GenericPostResponse = GenericResponse<PostResponse>,
    GenericStringResponse = GenericResponse<String>
pub struct GenericResponse <T> {
    pub msg: String,
    pub data: T,

Aliases for Generic Structs

Just like with normal structs, you’ll have to import this alias type to schemas attribute, as well as the specified type (in this case PostResponse).

Sometimes you’ll want to pass in a void type (). This can be done using the utoipa::TupleUnit type. It’s just a type alias to (). We can use it like so:

use utoipa::TupleUnit;

#[derive(ToSchema, Serialize, Deserialize, Debug, PartialEq, Eq)]
    GenericPostRequest = GenericRequest <TupleUnit, PostRequests>,
    GenericDeleteRequest = GenericRequest <TupleUnit, DeleteRequests>,
pub struct GenericRequest <T, V>{
    pub params: Option <T>,
    pub data: Option <V>,

Aliases for Generic Structs with empty Tuples

Just as before you’ll have to include the types in schemas attribute, but this time you’ll have to include utoipa::TupleUnit as well.

SwaggerUI showing our defined schemas in one of the endpoints

Documenting Endpoints

Now that we’ve defined our basic building blocks, we can start building our documentation for the individual endpoints. It’ll be in the following structure:

/// Endpoint Name
/// Description
    context_path = "/v1",
        (status = 200, description = "Hello World!", body = GenericStringResponse),
        (status = 409, description = "Invalid Request Format")
        request_body = GenericPostRequest,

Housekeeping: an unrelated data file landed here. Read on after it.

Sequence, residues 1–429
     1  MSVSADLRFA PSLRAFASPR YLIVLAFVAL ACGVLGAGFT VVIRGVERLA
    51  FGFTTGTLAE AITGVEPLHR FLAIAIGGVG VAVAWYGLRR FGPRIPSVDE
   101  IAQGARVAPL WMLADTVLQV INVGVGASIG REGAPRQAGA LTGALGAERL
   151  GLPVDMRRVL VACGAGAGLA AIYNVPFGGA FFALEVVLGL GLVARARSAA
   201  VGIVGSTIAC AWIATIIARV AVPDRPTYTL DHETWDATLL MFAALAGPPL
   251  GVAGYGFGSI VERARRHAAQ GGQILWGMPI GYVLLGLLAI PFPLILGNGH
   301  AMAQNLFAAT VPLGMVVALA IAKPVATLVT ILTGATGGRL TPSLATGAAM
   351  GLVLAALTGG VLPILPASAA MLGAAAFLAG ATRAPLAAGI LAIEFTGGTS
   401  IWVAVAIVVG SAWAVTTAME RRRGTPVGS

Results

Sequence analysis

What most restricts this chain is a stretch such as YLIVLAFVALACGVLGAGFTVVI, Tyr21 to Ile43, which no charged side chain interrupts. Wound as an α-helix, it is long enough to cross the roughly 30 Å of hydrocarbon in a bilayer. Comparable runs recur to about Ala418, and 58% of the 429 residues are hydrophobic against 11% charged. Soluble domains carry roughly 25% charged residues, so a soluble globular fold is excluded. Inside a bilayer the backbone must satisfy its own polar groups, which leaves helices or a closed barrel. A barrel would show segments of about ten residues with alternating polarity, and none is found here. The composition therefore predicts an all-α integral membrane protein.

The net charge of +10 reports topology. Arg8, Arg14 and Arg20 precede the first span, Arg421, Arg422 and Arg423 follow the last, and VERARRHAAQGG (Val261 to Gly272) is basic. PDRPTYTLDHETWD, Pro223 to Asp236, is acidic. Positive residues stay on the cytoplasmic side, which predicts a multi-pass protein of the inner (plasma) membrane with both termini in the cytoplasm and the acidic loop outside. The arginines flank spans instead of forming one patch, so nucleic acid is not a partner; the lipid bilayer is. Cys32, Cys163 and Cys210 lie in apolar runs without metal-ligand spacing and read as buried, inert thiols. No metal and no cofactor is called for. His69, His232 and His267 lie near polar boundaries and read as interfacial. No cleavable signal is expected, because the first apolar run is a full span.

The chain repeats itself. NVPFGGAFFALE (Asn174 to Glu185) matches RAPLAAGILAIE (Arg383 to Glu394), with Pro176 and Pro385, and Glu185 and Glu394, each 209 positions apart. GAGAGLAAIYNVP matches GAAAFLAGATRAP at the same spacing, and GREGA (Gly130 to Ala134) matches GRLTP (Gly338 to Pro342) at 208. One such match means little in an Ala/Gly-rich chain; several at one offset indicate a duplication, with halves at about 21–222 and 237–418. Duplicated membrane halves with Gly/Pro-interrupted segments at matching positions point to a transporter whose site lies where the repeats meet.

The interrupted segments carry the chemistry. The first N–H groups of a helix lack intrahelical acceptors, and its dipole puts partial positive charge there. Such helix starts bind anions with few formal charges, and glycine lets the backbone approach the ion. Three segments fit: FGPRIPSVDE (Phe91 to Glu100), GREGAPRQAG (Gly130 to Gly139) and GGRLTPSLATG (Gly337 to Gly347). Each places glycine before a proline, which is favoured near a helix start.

("email" = String, Path, description = "Device UUID"),
        ("Token" = []),

Format for utoipa::path proc macro

Since we’ve enabled the actix integration flags, utoipa can infer the request type & its path. Context path will be used if we’re scoping or handlers to a path (eg. /v1). In the responses attribute we specify the status code, description & optionally the response body if there is one. request_body, params & security are optional.

There are more options to configure (refer to the docs), and they’ll vary from the framework you’re using and what you want to display.

Showing of your endpoints

Finally its time to show off our fancy endpoints. We can attach a service to our Http Server App which will show SwaggerUI on the endpoint of our choice.

HttpServer::new(|| {
          // enable logger
                                .url("/api-docs/openapi.json", ApiDoc::openapi()),
  .bind(("", 8080))?

Adding SwaggerUI service to the server

We specify the endpoint URL (in this case /docs-v1/). Then specify the location of where openapi.json is generated (in this case /api-docs/openapi.json) & the ApiDoc::openapi() object.

And when we run & open it on http://localhost:8080/docs-v1/ we’ll be presented with:

SwaggerUI displaying our endpoints